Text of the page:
Ann graduated from K.S.S. and started her accounting career with McGavins Bakery in Kelowna. Moving on to Coquitlam, Ann worked for Kelly Douglas in Burnaby and then moved to Port Coquitlam where she worked for Kennametal Inc. – Macro Division for 33 years. Returning back to Kelowna for retirement, Ann took on many activities, treasurer of the Celiac Chapter of Kelowna, bridge, lawn bowling, golf and walking.
Thank you to the doctors and nurses of Kelowna General Hospital, 6th West for their extraordinary care.
A celebration of life will be held at Springfield Funeral Home, 2020 Springfield Road, Kelowna, BC, on Saturday February 21st, at 4:00pm.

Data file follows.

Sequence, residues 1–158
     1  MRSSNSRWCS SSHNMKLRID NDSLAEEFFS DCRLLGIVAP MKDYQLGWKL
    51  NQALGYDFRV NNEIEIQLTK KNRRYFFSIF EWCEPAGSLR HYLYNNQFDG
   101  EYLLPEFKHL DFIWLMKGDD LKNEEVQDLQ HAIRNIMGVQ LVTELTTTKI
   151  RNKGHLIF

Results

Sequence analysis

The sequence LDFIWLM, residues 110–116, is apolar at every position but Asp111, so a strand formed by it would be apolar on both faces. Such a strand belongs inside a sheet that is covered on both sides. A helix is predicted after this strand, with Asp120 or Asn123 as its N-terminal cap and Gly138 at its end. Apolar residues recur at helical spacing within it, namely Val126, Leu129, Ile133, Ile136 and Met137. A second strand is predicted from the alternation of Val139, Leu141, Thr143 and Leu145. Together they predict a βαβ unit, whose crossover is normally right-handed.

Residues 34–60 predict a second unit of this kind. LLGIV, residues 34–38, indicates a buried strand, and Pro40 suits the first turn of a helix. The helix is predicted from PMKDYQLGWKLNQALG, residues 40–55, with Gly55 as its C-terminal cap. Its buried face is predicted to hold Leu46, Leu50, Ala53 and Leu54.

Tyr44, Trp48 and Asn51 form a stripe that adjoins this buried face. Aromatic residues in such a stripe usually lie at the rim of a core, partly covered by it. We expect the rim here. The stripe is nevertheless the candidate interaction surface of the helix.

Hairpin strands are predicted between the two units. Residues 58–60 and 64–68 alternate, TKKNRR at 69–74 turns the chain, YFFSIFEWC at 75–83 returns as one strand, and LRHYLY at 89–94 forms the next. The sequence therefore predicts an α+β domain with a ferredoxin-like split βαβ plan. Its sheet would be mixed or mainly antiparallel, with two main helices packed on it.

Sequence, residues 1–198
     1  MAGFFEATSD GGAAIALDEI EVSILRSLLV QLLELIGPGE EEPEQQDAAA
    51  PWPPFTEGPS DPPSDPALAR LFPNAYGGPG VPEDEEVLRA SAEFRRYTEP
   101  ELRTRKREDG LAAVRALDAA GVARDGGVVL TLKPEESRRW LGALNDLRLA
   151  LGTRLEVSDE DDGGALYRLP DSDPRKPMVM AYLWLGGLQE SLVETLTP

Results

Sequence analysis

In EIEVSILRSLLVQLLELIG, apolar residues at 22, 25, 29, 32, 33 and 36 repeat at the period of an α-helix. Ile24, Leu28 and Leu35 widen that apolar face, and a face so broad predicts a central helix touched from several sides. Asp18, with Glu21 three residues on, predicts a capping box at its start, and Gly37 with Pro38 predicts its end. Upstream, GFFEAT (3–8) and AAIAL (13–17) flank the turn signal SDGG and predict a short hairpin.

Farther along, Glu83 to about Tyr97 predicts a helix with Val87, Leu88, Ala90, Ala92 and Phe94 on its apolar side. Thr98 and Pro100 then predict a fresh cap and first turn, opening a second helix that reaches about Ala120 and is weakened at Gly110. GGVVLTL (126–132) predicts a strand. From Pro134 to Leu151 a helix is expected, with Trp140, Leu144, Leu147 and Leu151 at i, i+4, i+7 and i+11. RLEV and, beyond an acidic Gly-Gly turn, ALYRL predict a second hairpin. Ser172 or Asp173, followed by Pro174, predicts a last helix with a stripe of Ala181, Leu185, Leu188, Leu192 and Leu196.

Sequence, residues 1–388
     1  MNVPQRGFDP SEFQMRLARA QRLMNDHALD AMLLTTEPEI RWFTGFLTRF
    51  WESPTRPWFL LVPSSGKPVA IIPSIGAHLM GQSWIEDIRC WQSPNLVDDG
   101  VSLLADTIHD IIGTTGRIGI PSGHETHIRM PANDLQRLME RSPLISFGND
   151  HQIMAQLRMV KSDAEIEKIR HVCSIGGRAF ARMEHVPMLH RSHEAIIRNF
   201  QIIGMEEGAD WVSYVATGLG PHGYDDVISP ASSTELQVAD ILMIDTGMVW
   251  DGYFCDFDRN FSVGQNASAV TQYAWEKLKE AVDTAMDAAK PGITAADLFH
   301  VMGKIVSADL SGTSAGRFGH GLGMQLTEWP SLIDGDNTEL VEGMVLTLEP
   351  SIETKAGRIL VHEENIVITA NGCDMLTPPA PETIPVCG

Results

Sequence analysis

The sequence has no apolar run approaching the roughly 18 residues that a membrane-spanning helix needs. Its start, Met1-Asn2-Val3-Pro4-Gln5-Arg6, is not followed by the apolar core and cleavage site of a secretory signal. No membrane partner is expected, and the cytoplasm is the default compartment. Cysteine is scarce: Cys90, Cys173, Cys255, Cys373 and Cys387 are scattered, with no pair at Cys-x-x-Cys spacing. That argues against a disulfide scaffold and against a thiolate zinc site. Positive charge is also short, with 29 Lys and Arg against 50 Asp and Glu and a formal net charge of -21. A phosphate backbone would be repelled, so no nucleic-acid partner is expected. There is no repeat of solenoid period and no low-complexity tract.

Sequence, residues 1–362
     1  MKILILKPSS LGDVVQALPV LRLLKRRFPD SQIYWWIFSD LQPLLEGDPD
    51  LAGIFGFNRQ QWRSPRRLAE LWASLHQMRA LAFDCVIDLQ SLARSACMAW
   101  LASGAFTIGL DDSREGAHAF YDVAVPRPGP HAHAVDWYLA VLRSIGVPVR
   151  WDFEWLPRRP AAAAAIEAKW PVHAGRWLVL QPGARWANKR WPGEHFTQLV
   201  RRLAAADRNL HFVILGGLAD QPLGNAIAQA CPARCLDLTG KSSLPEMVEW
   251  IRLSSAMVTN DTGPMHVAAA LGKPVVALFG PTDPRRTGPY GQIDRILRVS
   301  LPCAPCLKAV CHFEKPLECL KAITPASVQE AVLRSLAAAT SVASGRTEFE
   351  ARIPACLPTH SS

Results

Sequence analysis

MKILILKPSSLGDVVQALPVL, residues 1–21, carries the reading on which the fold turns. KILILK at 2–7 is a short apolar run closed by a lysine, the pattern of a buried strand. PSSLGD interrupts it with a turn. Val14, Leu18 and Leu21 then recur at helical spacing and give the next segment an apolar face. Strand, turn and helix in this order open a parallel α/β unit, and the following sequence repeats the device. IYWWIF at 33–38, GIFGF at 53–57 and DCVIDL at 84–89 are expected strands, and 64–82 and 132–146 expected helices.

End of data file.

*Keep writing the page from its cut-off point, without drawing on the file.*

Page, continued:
In lieu of flowers donations can be made to the Kelowna Celiac or the Heart and Stroke Foundation of B.C. and Yukon, will be gratefully received.
“Ann you touched so many lives with your gentle, kind ways. You will forever be in our hearts”
by Sue Newell
For someone with celiac disease, a food allergy or a food sensitivity, a holiday built around parties and food can be a real-life nightmare. There are so many unknowns: Can I eat that? Did she use the ingredient brands I asked? Were those vegetables cut on the same board used for the bread? How many people have dragged something with gluten through that dip? What do I do – he put my gluten-free crackers on the same plate as the rest of the crackers? What do I say to Aunt Mary who just offered me her special Fluffernutter Cookies?
If you try to make everything perfect, odds are you will have a meltdown long before Christmas dinner and will want to hide in a closet until it is all over.